EXPLAINED: Who is eligible for the monkeypox vaccine in France?

France has vaccinated more than 55,000 people against monkeypox - including many who have travelled from neighbouring countries. Here's who is eligible for the vaccine.

EXPLAINED: Who is eligible for the monkeypox vaccine in France?
A healthcare worker prepares to administer a vaccine (Photo: Joe Raedle / Getty Images via AFP)

There are 118 venues across France able to deliver the vaccine, including a large ‘vaccinedrome’ in the Paris regions. 

French health authorities recommend vaccination for people in high-risk groups;

  • Men who have sex with men who have multiple sexual partners
  • Transgender people with multiple sexual partners
  • Sex workers 
  • People who frequent locations where people go to find sex
  • Healthcare workers who have been in contact with monkeypox patients
  • People who have been in close contact with monkeypox patients eg family members or house-mates

As well as opening the vaccinedrome, the French government have also authorised medical students and retired doctors and nurses to administer the vaccine, as was the case during the Covid vaccination drive.

Health minister François Braun has called on patients who have lesions or other symptoms to self-isolate as soon as possible, and for people in high-risk groups to take up the offer of a vaccine.

READ ALSO French doctors reveal the ‘psychological harm’ to monkeypox patients

“The profile (of the patients) is that they are mainly men who have had sexual relations with other men, but one can also be infected by contact with a patient’s blisters,” Braun said.

“France was one of the first countries to recommend and authorise preventive vaccination,” he told Franceinfo.

France has one of the highest vaccination rates in Europe and dozens of people have travelled from Belgium, Switzerland, Italy and Spain to access vaccines – health centre staff in border areas say they are generally happy to provide access to non-residents, provided it does not impact on supplies for French residents.

First detected in humans in 1970, monkeypox is less dangerous and contagious than the eradicated smallpox virus, which it resembles, and an existing smallpox vaccine is being used against it.

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Experts warn of high levels of flu in France this winter

Experts have warned of a particularly bad flu epidemic this winter in France due to a combination of lowered immune systems and 'vaccine apathy' - urging high-risk groups to get their shot as soon as the flu vaccination campaign begins in October.

Experts warn of high levels of flu in France this winter

France’s annual flu vaccine campaign will officially get under way on October 18th this year – and medical experts have warned that this year’s season may be a bad one amid fears of “vaccine apathy”.

When, where and how to get flu shots and Covid boosters in France this autumn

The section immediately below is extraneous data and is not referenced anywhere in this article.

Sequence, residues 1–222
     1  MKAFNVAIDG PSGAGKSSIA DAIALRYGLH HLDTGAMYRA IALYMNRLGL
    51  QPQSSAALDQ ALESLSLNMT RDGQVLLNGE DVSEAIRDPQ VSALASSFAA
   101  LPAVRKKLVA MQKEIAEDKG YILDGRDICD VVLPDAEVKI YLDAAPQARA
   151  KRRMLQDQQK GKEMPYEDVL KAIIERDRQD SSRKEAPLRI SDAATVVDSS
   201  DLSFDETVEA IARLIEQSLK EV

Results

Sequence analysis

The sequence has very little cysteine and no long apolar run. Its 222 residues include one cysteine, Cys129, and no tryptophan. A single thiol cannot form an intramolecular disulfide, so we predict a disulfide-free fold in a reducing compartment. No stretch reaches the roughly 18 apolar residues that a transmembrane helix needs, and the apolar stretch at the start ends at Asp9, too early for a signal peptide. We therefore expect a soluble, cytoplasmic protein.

Immunologist Alain Fischer, who chaired France’s Conseil d’orientation de la stratégie vaccinale throughout the Covid-19 pandemic said that the high number of flu cases in Australia and the southern hemisphere in its winter were “a warning sign” that this winter’s flu, coupled with rising cases of Covid-19, could lead to a sharp rise in hospitalisations again in the winter.

“For two years, influenza has been kept at bay, thanks to the barrier measures we have put in place against Covid,” he told Le Parisien. 

“This year, it will be difficult to maintain the same level of protection: masks, distancing, intensive hand washing … Faced with this relaxation, there is a serious risk of flu epidemic.”

Between two million and six million people contract flu every winter in France. The infection is responsible for between 4,000 and 6,000 deaths every year, usually among people aged 65 and over. But in ‘bad’ flu years, that mortality figure can rise rapidly.

READ ALSO When, where and how to get flu shots and Covid boosters this autumn in France

The country, meanwhile, is at the start of what is being described as an “eighth wave” of Covid, and the Haute Autorité de santé recommends the eligible, vulnerable people ensure they are vaccinated against both viruses as early as possible. “A Covid-flu cohabitation is not a good thing,”  Fischer said. “It is synonymous with a very high number of hospitalisations. 

“Hence the objective of two strong vaccination campaigns – Covid and flu – especially for the most vulnerable.”

“The double injection is very good, and practical for patients. But I think that we should not wait, especially vulnerable people. It is a mistake to think that you will get your Covid booster when the flu vaccine is here – the Covid jab should not be delayed.”

Currently less than 40 percent of people eligible for a fourth Covid vaccine have received their latest dose.

Dual-strain Covid-19 vaccines designed to combat both delta and omicron variants will be available in France from October 3rd.

READ ALSO France approves new vaccines for Covid Omicron sub-variants

“It is quite possible to get your Covid injection in early October and flu vaccine in late October – you will need both anyway,” Fischer said.

The Haute Autorité de Santé recommends influenza vaccination for the following groups:

  • people aged 65 and over; 
  • people with chronic diseases; 
  • pregnant women;
  • people suffering from obesity (BMI equal to or greater than 40 kg/m 2 );
  • Infants under 6 months at risk of serious influenza;
  • Families and others close to immunocompromised people; 
  • home help workers caring for vulnerable individuals.

For anyone in these groups, the flu vaccine is 100 percent covered by health insurance and delivered free of charge to the pharmacy, on presentation of a voucher.